125C.003. Best interests of child: Primary physical custody; presumptions; child born out of wedlock
1. A court may award primary physical custody to a parent if the court determines that joint physical custody is not in the best interest of a child. An award of joint physical custody is presumed not to be in the best interest of the child if:
(a) The court determines by substantial evidence that a parent is unable to adequately care for a minor child for at least 146 days of the year;
(b) A child is born out of wedlock and the provisions of subsection 2 are applicable; or
(c) Except as otherwise provided in subsection 6 of section 8 of this act or NRS 125C.210, there has been a determination by the court after an evidentiary hearing and finding by clear and convincing evidence that a parent has engaged in one or more acts of domestic violence against the child, a parent of the child or any other person residing with the child. The presumption created by this paragraph is a rebuttable presumption.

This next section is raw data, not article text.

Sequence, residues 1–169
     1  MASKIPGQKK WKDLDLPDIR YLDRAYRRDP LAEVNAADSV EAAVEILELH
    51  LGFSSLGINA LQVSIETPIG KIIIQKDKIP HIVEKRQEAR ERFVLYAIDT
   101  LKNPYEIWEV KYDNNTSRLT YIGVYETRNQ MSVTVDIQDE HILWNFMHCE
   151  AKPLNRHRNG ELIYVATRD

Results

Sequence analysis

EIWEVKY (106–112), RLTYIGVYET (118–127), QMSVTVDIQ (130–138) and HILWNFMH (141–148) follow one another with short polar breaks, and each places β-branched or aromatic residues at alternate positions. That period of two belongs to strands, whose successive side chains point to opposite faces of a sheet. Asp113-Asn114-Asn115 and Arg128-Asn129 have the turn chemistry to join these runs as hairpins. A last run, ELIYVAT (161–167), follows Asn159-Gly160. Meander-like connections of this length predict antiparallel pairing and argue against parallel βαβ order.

2. A court may award primary physical custody of a child born out of wedlock to:
(a) The mother of the child if:
(1) The mother has not married the father of the child;
(2) A judgment or order of a court, or a judgment or order entered pursuant to an expedited process, determining the paternity of the child has not been entered; and
(3) The father of the child:
(I) Is not subject to any presumption of paternity under NRS 126.051;
(II) Has never acknowledged paternity pursuant to NRS 126.053; or
(III) Has had actual knowledge of his paternity but has abandoned the child.
(b) The father of the child if:
(1) The mother has abandoned the child; and
(2) The father has provided sole care and custody of the child in her absence.
3. As used in this section:
(a) “Abandoned” means that a mother or father has:
(1) Failed, for a continuous period of not less than 6 months, to provide substantial personal and economic support to the child; or
(2) Knowingly declined, for a continuous period of not less than 6 months, to have any meaningful relationship with the child.
(b) “Expedited process” has the meaning ascribed to it in NRS 126.161.